Wow! This has been a busy and intense ministry season.
The leadership at UCCC has been teaching a series titled, "Broken", about our sexual and relational wounding and brokenness.
Again I say...Intense.
They had asked the Creative Arts team -- which I serve as Director -- to provide several dramatic and visual elements for the series. In conjunction, we are holding our first-ever art show which happens to be ...NEXT WEEKEND!! (Yikes!) Today, I'm posting the prospectus about the theme.
I have just been immersed in this theme for several weeks (in reality -- the whole year) because I have also been co-leading a small group in CrossCurrent -- the program that the Broken series is adapted from. I have never in my life been exposed to so many stories of brokenness and yet been so full of hope for people. If you know me at all, you know that this is an absolute transformation in my life. I am thankful.
At the same time, God has exposed more of my own brokenness than ever before in my journey with Him...and still I am full of hope ( exhausted, maybe, but full of hope).
Here are my thoughts about living in the tension of brokenness and hope.
Art Show 2006 PROSPECTUS: "Broken"
A CALL FOR ENTRIES
"Broken things are worthless in the world, but broken things God can not resist." -- McDonald
It is not an accident that the theme chosen for the Art Show can be viewed from several
different angles. Hold this concept up to the light and, like a kaleidoscope, turn it round and
round. The colors and shapes of the fragments will fascinate you.
Broken, the word, can be used from a place of grief, as in 'my heart is broken.' Or it can be
used to express gospel humility, as in 'The sacrifices of God are a broken spirit; a broken and a contrite heart, O God, You will not despise.' (NASB, Psalm 51:16-18)
It can describe failure in our lives: 'my marriage is broken,' or freedom from prison or slavery:
'This is the kind of fast day I'm after: to break the chains of injustice, get rid of exploitation in the workplace, free the oppressed, cancel debts.' (The Message, Isaiah 58:6)
Broken can also describe the physical damage of an object -- your son's favorite toy or your
checking account. Turn the lens again and we see broken used in one of the Bible's most
compelling narratives of surrender and worship, 'While He was in Bethany at the home of Simon the leper, and reclining at the table, there came a woman with an alabaster vial of very costly perfume of pure nard; and she broke the vial and poured it over His head.' (NASB, Mark 14:2-4)
In the context of the CrossCurrent sermon series, the word broken defines the relational
and sexual sins and wounds that have made up the patterns of our lives. We have been
damaged physically, emotionally and spiritually by the sin in us and around us. As the imago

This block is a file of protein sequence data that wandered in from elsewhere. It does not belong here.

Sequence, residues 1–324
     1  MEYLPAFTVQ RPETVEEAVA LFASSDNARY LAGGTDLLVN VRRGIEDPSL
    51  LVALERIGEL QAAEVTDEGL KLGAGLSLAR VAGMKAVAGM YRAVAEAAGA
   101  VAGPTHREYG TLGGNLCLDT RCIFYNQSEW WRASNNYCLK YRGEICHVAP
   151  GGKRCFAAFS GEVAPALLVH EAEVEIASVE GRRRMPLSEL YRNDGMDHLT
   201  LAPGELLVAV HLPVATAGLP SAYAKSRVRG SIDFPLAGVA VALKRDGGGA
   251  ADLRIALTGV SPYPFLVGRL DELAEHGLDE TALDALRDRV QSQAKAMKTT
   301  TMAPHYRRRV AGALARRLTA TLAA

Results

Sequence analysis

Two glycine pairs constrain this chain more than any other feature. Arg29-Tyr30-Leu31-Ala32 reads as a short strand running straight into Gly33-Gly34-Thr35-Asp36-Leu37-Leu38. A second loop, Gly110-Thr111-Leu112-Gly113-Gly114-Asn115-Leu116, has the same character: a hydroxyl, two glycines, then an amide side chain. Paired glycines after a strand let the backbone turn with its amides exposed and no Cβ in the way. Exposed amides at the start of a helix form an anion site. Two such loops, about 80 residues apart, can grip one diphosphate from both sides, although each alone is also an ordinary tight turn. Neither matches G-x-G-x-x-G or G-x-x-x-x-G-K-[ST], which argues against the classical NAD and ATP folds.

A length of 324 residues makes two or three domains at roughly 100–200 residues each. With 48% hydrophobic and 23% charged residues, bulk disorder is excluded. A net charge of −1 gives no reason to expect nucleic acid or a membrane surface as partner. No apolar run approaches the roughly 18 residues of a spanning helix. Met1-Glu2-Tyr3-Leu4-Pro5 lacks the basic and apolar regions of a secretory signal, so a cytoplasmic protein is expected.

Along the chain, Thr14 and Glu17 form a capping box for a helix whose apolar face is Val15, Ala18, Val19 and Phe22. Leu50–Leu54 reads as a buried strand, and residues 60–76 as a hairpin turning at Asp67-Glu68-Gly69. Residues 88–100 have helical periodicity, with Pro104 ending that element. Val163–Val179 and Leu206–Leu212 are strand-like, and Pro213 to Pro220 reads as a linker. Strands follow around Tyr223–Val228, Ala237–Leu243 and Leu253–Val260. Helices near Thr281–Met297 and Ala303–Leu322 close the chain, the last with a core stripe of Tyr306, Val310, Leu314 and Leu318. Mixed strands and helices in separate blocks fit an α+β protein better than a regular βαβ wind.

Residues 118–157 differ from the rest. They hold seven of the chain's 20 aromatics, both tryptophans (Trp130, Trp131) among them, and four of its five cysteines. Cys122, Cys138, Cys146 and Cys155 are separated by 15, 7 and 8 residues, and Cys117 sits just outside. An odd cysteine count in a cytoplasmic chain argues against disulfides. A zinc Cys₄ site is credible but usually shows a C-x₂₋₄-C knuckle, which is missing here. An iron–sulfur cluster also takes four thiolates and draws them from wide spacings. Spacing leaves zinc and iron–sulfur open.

dei, the image of God, we are not what God intended us to be. We are broken.
But there is hope. Great hope.
'With the cross before us, we are reminded that life has broken through all the deadly loves
of the old self. We live out of the new and true self. The cross reminds us that we are
greater than the sum total of our brokenness.' -- Andrew Comiskey, author of CrossCurrent
Broken does not lose its meaning for us once we receive Christ's gift of healing and
Turn the lens again, adjust the light, and you see, 'The sacrifices of God are a broken spirit; a
broken and a contrite heart, O God, You will not despise.' (NASB, Psalm 51:17)
'One of our central core-values at Union Center is 'brokenness.' This is not referencing the
damage of our lives, which may be plentiful, but rather an attitude of teachability, humility
and obedience to the Spirit.' -- Dr. John Hawco, senior pastor at Union Center
In this light, broken describes the beauty of a life that is characterized by compassion,
forgiveness, humility and surrender.
'The Lord Jesus cannot live in us fully and reveal Himself through us until the proud self
within us is broken. This simply means that the hard unyielding self which justifies itself,
wants its own way, stands up for its rights, and seeks its own glory at last bows its head to
God's will, admits its wrong, gives up its own way to Jesus, surrenders its rights and discards
its own glory -- that the Lord Jesus might have all and be all.' -- Roy Hession, The Calvary Road
And, in this light, all the fragments and all the colors of the kaleidoscope draw our eyes to
our Savior -- the God-man who was broken for us. 'The Master, Jesus, on the night of his
betrayal, took bread. Having given thanks, he broke it and said, 'This is my body, broken for you. Do this to remember me.' After supper, he did the same thing with the cup: 'This cup is my blood, my new covenant with you. Each time you drink this cup, remember me.' -- (The Message, 1 Corinthians 11:23)
Practically, we want to invite you to pray over this theme. Study the word from different
angles, holding it up to the light of your personal experience. Get on www.biblegateway.com and do a word search -- see how God treats this concept in the Scriptures. Talk to a friend, explore a new medium, look through your portfolio in a fresh way. There is no specific requirement for the artists except that one of the pieces be submitted under the theme Broken, and that you provide a statement of how that artwork reflects the theme.
Above all, I encourage you to speak truth through your art. Avoid the temptation to draw
and paint and sculpt something 'Christian' or 'churchy.' Jesus became man and walked
through the stuff of earth without ever losing His deity. In the same way, He is able to take
the stuff of your artwork and reveal Himself through it.
I am praying for you. I am asking God to encourage us and guide us and protect us as we
take this risk of revealing the imago dei in each one of us. Most of all, I am asking Him to
bring great fame to His name through our obedience and vulnerability.
Ever your biggest fan,